A master splitter is required for VDSL2 and in most cases will improve speeds on DSL connections. Regular disconnections can be a monitored alarm or a set top box trying to connect. If there's an alarm connected to your line even if you don't have an alarm contract it may still try to connect so it's worth checking.



I recommend you read these two blog posts:



- Is your premises phone wiring impacting your broadband performance? (very technical)



- Are you receiving a substandard ULL ADSL2+ connection from your ISP?

I am the Geekzone Robot and I am here to help. I am from the Internet. I do not interact. Do not expect other replies from me.

28812 posts

Uber Geek

Biddle Corp
Lifetime subscriber

  #1069691 20-Jun-2014 07:25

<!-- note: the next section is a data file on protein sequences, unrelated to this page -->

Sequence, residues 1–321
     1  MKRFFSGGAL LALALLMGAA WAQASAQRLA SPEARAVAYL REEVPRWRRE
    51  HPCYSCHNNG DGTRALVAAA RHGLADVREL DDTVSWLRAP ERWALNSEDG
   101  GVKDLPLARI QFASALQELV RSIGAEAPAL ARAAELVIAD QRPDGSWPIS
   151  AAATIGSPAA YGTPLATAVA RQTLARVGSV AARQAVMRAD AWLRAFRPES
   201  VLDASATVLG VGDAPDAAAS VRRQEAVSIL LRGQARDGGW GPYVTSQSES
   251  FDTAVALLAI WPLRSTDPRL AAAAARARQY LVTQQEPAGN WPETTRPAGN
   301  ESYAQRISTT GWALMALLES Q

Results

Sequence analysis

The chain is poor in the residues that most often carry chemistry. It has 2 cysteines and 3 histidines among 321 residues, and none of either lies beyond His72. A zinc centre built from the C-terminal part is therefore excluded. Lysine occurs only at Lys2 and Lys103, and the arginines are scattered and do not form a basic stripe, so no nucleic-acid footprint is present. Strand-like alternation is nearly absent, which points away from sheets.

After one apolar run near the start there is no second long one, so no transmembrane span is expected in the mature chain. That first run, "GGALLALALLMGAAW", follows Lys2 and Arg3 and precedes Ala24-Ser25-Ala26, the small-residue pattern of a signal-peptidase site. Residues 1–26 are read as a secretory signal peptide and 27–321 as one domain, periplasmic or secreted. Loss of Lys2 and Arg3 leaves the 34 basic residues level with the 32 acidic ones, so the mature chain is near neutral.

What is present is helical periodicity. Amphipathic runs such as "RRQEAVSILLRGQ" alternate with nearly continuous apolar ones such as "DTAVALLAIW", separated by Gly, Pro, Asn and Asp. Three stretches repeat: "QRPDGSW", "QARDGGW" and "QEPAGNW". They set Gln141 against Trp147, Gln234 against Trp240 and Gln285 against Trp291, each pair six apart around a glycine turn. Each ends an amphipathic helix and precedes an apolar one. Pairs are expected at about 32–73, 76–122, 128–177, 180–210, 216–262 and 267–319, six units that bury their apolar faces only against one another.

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First thing I would look at would be whether you're saturating your upstream by leaving torrents seeding. Due to the simple way that TCP/IP world, saturating the upstream will impact your downstream. 


9 posts

Wannabe Geek

  #1069763 20-Jun-2014 09:57
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Hi Steve,
Thanks for your comment, can you advise how I would check if I am seeding torrents. The only person who is likely to be doing this (ie has a torrent client installed) is my son so I will talk to him about this. The other PC's do not have torrent clients installed (to the best of my knowledge).
Cheers Hans

5785 posts

Uber Geek

  #1070953 20-Jun-2014 13:13
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Anything that is uploading at a reasonable rate will have a substantial and noticeable effect on downloads, so look for anything that backs up or uploads to the cloud - even an iPhone uploading photos to iCloud.

Turn off computers / devices a couple at a time and you should be able to narrow down if this is the issue fairly quickly.